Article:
Retro-inspired 'The Thing' read-along record passes the test
Posted Thursday, August 14, 2014 at 3:29 PM Central
Last updated Thursday, August 14, 2014 at 3:35 PM Central
by Tim Briscoe
Nostalgia is a great thing. We all enjoy reminiscing about the good ol' days. That's one of the reasons why the "Throwback Thursday" trend has become so popular. We can rekindle those past memories in something we enjoy today.
Hollywood frequently relies upon nostalgia. Current hit films like Transformers, Teenage Mutant Ninja Turtles, and the Marvel adaptations all evoke childhood memories for a key, movie-going demographic. When done right, the result is powerful.
Movie studios aren't the only ones to draw upon nostalgia to create something amazing. Rob Lammle has done exactly that with a new read-along record book for The Thing.
If you grew up in the '70s or '80s, you probably remember listening to audio programs as you followed along with a storybook. "When you hear this sound... BEEP! ...turn the page in your book," the record or cassette would say. Popular movies and TV shows like Star Wars and Disney all got the read-along album treatment.
Rob remembers those days fondly. "I grew up in virtual isolation on my family's farm in central Illinois. Because this was the pre-VHS days, I had to find other ways to entertain myself, and record books and stories on vinyl were a great way to fill that time." The recent resurgence of vinyl led him back to his old albums. "Luckily my parents had them shoved in a plastic bin in the back of a closet, so I dug them out and have since then kind of became obsessed with collecting them. Now I have somewhere around 100 albums in various formats, featuring movies like WarGames and Roger Rabbit, superheroes like the Justice League and Transformers, and obscure cartoons like Fangface and The Funky Phantom."
Collecting the vintage records wasn't enough for Lammle. He wanted something new. He has written and produced a brand new recording for John Carpenter's 1982 classic movie The Thing. It's every bit as good as those old albums. In fact, it's something you would never have seen back in its day. Yes, this audio program is as expletive-filled as its R-rated source material. Give it a listen with that warning in mind:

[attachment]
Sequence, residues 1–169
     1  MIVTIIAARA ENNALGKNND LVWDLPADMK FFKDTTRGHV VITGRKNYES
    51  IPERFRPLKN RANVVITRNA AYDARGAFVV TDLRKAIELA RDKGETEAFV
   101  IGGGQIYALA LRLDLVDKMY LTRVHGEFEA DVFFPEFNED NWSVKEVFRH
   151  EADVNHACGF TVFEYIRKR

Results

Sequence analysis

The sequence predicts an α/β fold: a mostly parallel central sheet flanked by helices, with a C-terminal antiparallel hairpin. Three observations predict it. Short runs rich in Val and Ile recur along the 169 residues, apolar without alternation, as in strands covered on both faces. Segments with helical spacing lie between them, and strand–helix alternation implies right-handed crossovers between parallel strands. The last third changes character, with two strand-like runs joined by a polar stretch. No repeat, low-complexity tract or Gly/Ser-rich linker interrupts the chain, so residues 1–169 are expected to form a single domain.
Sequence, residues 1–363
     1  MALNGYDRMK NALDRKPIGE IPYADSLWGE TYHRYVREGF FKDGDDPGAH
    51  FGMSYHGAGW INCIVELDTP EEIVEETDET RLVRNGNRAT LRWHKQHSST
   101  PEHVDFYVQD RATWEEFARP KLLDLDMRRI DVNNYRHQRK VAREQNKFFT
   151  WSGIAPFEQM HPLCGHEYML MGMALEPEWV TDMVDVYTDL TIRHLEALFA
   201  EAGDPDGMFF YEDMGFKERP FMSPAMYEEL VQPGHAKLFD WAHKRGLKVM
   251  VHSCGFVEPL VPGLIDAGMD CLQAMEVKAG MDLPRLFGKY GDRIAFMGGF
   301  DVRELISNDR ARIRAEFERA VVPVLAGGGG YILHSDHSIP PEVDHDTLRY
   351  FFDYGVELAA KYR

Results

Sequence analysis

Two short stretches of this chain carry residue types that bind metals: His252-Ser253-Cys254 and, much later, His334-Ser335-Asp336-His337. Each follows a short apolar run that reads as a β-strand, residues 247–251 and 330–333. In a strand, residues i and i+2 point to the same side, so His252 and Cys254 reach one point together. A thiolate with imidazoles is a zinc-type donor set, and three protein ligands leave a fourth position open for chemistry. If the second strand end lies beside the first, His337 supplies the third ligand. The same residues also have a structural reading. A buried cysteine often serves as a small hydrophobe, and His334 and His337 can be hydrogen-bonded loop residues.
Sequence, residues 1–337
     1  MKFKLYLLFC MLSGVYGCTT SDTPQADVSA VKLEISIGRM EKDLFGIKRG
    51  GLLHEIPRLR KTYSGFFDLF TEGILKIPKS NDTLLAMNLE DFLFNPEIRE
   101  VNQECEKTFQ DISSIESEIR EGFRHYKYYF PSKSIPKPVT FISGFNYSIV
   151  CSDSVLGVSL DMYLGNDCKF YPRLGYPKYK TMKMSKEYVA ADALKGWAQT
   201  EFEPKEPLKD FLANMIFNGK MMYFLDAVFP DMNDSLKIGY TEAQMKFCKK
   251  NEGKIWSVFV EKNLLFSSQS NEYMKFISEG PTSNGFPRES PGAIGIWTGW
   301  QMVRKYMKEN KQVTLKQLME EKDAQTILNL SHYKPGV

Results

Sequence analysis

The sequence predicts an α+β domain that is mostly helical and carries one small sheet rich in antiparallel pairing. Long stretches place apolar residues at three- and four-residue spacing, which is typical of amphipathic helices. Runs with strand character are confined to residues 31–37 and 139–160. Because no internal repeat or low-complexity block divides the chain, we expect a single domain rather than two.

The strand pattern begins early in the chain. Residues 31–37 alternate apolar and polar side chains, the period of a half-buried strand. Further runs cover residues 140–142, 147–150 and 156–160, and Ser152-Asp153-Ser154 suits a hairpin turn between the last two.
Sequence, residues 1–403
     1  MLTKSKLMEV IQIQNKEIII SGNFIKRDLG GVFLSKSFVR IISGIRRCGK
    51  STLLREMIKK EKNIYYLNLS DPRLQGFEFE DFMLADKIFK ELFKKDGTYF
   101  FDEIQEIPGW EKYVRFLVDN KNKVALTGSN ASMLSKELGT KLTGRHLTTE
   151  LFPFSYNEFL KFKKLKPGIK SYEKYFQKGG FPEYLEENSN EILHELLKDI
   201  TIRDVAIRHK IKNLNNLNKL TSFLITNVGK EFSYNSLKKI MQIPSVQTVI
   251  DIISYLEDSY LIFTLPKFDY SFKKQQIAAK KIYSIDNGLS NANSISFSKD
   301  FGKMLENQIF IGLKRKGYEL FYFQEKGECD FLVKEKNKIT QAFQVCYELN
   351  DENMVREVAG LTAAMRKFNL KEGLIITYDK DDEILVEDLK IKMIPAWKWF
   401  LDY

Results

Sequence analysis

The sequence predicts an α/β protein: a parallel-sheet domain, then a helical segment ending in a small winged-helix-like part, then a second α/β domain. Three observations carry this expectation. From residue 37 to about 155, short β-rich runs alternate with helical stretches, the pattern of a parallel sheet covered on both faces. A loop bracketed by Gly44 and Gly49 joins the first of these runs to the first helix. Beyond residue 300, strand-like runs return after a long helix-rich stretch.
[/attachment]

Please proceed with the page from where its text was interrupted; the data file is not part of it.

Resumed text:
Rob's website also has options to download the MP3 audio and PDF book. The booklet is better experienced in all its glory as a download rather than here in this Youtube version.
Lammle explained the genesis of The Thing read-along book:
I was inspired to create my own record book by an album I have based on the old TV series Kojak. That record has a handful of stories and someone is murdered in every one of them, which seems odd in a record made for children. Without sounding too pretentious, the juxtaposition of violence in a kid's medium is awkwardly funny to me; it's like the producers aren't even aware they're scarring kids for life (see: Watership Down, Return to Oz). So I got to thinking of other not-for-kids movies and TV shows that would have been around in the record book heyday.
Naturally Nightmare on Elm Street, Friday the 13th, and Alien came to mind, but so did one of my favorite films of the time, The Thing. With all the blood and gore and slimy tentacles, but also a really solid Cold War-era paranoia story, it seemed like the perfect film for a read-along record book that should have been. Since no one else was going to make it, I rewrote the movie into 24 pages of about 100 words each, got some of my friends to record dialog, used music and sound effects from the movie, as well as fair use sound effect websites, and produced the audio portion of the project. Then, using screen shots from the Blu-ray, I put together a retro-inspired record book so people can get the whole experience. Now, months later, there's a read-along record book of The Thing just like there should have been back in 1982.
If you dig into the book's credits, you'll notice a familiar name. Yours truly got to portray Norris -- the guy whose head turns into a spider-like creature. Rob is a friend of mine and I jumped at his invite to contribute. I had a blast recording the audio and can't wait to see what he makes next.
Yes, Rob has promised more original audio books. He hasn't divulged the next subject but we all have been inundating him with suggestions. I'd love to see a newer film given the retro treatment. I think it'd equally great to see a classic movie with tons of memorable quotes like Caddyshack or Stripes as a read-along.